Amanda Delgado entered this summer without any Division I scholarship offers.
That quickly changed after an AAU tournament this month in Oregon.
Delgado, a 5-foot-7-inch guard who will be a senior in the fall, orally committed to Oregon last week, a courtship that began when the Ducks watched her knock down shot after shot in a game for Vegas Elite White at the End of the Trail tournament.
"They watched the next couple of games and they caught interest and were like, 'OK, we want her,' " said Delgado, who as a junior led the Patriots to the Sunrise Region championship and earned second-team all-state honors. "I've never talked to Oregon until this year."
But playing on an AAU team that includes Bishop Gorman's Chelsie Pitt, Sierra Vista's Jeanette Jackson and other local standouts, Delgado found her place in Eugene, Ore.
While AAU girls basketball tournaments don't generate the same buzz as the boys events, they give girls a chance to play in front of major college coaches.
"On AAU teams, you're playing with the best girls in the nation, so it's going to give you the opportunity to showcase your talent," said Jade Washington, Delgado's teammate with Liberty and Vegas Elite.
It's common for men's college basketball coaches to converge on Las Vegas gyms during the NCAA evaluation period. But the girls fields, even in landmark events, are smaller.
The adidas boys tournament featured 425 of the nation's top teams, with coaches from high-profile universities lining the courts. The girls division had 32 teams in two divisions. Five local teams were featured along with squads from Kaneohe, Hawaii, to Regina, Saskatchewan.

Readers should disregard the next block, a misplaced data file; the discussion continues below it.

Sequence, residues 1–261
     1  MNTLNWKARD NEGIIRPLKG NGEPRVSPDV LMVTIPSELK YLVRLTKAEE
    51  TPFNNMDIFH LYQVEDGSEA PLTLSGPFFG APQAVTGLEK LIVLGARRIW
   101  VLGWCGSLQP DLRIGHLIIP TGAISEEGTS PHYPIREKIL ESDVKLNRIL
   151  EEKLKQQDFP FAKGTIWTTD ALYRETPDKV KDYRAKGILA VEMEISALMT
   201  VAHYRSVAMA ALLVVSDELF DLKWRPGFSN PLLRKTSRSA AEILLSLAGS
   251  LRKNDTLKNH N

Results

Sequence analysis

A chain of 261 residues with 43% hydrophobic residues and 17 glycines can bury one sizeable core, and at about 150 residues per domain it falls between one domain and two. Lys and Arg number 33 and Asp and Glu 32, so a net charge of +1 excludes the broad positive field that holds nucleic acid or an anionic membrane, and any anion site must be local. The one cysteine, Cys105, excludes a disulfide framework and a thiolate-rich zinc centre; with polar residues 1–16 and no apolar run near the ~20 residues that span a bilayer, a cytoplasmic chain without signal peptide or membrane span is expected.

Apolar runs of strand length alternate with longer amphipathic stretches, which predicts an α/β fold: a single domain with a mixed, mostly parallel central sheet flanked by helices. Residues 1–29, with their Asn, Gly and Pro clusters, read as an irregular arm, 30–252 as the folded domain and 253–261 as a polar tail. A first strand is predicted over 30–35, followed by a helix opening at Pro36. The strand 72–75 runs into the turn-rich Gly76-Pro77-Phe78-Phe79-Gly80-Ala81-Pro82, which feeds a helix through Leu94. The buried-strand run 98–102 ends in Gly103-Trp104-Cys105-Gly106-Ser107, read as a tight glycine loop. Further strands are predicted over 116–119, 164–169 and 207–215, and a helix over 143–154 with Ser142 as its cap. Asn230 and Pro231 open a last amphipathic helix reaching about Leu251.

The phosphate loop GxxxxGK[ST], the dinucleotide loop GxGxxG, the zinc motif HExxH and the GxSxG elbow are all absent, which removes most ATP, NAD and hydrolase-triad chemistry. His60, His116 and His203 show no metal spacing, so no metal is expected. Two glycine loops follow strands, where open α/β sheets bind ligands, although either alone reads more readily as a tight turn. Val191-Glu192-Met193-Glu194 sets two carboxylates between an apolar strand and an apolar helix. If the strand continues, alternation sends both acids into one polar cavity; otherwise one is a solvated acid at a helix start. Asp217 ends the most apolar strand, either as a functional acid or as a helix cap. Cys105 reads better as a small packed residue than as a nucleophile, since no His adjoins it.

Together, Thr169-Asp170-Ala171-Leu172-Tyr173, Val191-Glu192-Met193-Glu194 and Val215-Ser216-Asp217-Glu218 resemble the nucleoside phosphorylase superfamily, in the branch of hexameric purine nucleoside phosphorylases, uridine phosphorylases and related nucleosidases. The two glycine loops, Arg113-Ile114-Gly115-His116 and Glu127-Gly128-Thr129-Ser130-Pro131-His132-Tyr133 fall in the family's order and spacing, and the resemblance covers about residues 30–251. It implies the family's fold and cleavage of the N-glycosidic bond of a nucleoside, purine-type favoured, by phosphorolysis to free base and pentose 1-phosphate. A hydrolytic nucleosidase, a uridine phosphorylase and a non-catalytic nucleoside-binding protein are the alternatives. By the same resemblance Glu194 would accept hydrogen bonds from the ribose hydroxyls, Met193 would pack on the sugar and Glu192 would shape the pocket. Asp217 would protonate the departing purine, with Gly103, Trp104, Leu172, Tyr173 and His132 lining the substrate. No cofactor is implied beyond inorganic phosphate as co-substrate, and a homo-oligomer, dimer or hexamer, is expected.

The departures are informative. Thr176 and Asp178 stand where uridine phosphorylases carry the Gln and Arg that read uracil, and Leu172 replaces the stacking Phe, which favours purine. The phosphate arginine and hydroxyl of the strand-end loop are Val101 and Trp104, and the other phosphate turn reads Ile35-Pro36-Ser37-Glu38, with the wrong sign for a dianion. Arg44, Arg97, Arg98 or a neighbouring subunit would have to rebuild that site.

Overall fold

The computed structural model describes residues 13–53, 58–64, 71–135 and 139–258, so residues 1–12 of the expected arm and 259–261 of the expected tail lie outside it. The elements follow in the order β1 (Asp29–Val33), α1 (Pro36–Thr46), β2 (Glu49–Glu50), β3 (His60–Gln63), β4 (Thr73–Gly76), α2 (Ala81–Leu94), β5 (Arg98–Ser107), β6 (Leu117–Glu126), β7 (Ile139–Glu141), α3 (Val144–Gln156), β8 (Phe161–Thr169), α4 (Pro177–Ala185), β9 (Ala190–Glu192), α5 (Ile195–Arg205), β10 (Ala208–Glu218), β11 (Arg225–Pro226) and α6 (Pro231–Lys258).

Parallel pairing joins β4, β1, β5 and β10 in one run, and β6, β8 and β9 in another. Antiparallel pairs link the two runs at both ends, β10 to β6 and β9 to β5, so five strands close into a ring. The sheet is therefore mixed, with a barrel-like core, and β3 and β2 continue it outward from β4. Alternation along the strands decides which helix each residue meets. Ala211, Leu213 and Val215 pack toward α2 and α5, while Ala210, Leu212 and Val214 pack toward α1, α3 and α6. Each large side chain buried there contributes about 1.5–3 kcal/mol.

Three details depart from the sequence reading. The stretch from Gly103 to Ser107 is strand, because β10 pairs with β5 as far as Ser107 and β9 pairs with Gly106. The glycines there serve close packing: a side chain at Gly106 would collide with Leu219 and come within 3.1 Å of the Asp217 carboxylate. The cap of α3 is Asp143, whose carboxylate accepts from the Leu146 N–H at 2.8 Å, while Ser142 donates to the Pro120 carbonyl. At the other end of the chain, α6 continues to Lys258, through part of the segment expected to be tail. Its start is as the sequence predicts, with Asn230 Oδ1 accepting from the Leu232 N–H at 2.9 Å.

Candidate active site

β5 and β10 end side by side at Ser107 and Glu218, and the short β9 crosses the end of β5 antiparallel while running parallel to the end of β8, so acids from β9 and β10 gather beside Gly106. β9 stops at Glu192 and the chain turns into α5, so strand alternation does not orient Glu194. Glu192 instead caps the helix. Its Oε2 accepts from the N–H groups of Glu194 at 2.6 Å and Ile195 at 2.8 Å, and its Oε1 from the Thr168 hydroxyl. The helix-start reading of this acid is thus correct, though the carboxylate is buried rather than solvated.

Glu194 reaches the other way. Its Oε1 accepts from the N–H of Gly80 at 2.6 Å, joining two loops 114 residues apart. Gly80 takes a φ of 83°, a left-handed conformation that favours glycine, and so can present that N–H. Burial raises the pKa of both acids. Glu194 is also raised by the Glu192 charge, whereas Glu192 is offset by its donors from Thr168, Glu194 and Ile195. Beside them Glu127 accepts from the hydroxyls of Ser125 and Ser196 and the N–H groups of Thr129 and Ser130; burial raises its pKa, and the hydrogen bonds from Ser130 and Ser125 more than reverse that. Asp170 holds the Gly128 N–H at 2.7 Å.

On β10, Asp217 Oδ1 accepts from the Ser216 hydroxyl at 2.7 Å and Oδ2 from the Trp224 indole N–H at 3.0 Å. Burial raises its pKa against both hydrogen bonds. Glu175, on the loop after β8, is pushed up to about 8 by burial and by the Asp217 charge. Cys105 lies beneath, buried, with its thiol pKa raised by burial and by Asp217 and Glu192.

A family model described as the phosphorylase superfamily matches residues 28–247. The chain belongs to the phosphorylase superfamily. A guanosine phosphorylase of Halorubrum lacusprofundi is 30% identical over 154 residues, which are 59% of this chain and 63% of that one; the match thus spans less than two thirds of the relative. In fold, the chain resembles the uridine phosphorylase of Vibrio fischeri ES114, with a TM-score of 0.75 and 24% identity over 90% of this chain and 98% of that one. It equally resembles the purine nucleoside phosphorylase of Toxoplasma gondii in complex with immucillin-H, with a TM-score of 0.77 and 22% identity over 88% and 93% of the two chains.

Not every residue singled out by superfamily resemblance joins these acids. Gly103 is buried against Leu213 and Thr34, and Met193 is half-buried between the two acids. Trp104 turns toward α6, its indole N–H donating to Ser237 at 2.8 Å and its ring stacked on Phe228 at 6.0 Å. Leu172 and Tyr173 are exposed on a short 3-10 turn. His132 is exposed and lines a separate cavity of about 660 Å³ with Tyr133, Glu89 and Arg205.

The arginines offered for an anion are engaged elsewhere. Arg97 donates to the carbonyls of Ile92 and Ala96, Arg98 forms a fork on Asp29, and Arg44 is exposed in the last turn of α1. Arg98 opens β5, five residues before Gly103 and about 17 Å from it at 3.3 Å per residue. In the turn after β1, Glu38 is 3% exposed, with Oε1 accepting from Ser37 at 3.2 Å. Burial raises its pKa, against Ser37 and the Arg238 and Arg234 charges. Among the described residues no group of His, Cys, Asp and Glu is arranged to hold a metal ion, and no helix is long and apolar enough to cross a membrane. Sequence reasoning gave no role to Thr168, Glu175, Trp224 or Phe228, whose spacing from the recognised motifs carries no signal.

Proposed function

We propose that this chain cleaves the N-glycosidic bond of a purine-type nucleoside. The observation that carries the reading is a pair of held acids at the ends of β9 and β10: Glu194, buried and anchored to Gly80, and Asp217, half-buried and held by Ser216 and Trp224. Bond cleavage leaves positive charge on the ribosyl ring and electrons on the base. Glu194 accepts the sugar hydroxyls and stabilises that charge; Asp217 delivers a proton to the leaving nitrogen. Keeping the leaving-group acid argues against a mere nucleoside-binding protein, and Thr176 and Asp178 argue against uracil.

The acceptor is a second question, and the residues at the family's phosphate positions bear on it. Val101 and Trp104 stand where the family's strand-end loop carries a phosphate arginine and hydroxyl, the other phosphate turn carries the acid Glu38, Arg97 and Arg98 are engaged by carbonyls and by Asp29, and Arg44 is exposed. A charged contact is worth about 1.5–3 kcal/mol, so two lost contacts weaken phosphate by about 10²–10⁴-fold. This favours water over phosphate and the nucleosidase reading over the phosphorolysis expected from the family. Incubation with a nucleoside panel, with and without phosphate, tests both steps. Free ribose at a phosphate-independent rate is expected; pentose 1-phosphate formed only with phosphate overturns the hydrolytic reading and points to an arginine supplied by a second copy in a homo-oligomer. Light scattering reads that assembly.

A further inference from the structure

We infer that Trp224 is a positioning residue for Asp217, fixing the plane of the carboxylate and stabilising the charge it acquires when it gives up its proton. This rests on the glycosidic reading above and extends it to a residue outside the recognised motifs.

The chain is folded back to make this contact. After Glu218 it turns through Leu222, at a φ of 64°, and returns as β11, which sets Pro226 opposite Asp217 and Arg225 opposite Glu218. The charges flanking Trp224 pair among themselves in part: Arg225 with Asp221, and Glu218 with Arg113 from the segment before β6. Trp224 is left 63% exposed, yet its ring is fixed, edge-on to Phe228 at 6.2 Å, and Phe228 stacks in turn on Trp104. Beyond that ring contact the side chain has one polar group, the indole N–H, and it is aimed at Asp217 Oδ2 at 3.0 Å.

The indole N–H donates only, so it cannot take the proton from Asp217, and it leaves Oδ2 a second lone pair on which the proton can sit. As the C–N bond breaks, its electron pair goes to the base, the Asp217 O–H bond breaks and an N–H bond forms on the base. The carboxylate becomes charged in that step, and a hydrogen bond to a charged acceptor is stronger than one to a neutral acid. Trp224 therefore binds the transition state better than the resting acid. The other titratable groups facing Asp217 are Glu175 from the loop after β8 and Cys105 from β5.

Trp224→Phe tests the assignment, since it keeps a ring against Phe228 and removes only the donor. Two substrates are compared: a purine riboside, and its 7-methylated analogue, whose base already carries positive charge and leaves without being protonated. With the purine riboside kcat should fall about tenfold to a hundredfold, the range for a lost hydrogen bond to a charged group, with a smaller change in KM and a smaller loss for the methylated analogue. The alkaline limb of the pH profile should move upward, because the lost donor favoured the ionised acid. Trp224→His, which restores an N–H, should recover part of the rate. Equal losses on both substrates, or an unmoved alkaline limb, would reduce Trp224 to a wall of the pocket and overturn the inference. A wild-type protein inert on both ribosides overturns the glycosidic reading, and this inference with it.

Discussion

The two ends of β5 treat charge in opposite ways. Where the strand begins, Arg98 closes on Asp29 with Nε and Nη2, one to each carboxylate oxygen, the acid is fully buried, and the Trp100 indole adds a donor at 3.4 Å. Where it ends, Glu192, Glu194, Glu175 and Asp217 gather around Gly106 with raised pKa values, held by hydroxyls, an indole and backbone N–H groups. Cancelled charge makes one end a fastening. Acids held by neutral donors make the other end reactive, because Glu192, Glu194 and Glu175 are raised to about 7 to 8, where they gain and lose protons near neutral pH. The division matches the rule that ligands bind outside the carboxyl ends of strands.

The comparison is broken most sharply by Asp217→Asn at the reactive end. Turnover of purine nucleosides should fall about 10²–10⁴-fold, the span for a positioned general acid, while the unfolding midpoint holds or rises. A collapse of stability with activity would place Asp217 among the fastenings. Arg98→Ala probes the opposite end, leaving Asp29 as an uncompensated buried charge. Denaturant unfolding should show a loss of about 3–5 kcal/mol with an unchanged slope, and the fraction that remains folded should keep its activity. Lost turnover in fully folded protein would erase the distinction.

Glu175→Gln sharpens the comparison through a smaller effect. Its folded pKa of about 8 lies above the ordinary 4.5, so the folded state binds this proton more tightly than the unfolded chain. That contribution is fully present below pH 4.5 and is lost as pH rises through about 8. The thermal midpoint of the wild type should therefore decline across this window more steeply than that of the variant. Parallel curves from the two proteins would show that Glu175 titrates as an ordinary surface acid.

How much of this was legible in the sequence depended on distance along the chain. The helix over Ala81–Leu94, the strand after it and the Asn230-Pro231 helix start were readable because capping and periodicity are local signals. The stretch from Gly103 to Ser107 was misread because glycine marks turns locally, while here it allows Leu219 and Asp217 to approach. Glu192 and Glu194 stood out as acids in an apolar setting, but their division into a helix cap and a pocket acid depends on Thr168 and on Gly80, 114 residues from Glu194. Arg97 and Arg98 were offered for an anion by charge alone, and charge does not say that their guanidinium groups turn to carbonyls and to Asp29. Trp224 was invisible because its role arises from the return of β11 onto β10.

Several games attracted no college coaches, only parents and fans.
That was the case Friday in a 9 p.m. tipoff between Vegas Elite and Vegas Bulldogs, an AAU team made up of all Centennial players.
Vegas Bulldogs rallied to win 52-51 led by 15 points apiece from Jada Brown and Courtney Hayes, who has committed to Louisiana Tech.
Delgado scored nine points while playing on a sprained ankle, saying she wouldn't sit out a "rivalry game."
But it's not always about the win.
"You're here in front of the college coaches. You could lose by 20 and have a good game and it's still good," Washington said.
Playing on a composite team can mean having to mesh with high school rivals.
"It's challenging," said Vegas Elite coach Brian Sitter, who has coached high school-age girls since 2004. "One of the coolest things is, every year, when we start, we have that barrier between Liberty girls and Gorman girls and Green Valley girls ... and every year, without fail, one month into (the summer), they're all best friends."
Balancing the team with its individualities can also be challenging, Sitter said.
"The goal is to show the team well, be competitive and give girls opportunities to show their basketball abilities to the college coaches," he said.
■ NOTE -- Vegas Elite Blue lost 58-44 in the semifinals on Monday to Team Concept Heat (Ore.), which won the 17s division after edging Orange County Elite (Calif.) 48-44 in the final.
Contact reporter Sean Walker at firstname.lastname@example.org or 702-383-0430.